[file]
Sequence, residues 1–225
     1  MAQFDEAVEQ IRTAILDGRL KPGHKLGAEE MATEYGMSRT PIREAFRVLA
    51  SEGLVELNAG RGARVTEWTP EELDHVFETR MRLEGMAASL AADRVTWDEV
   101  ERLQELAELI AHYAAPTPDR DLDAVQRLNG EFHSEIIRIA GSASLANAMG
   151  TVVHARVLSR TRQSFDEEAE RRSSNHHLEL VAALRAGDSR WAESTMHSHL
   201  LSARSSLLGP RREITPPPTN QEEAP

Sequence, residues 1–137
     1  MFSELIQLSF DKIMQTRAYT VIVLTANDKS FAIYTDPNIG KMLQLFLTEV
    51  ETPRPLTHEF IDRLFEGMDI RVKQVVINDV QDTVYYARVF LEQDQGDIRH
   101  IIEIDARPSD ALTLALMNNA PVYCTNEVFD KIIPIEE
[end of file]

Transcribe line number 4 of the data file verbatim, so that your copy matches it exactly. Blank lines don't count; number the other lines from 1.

   101  ERLQELAELI AHYAAPTPDR DLDAVQRLNG EFHSEIIRIA GSASLANAMG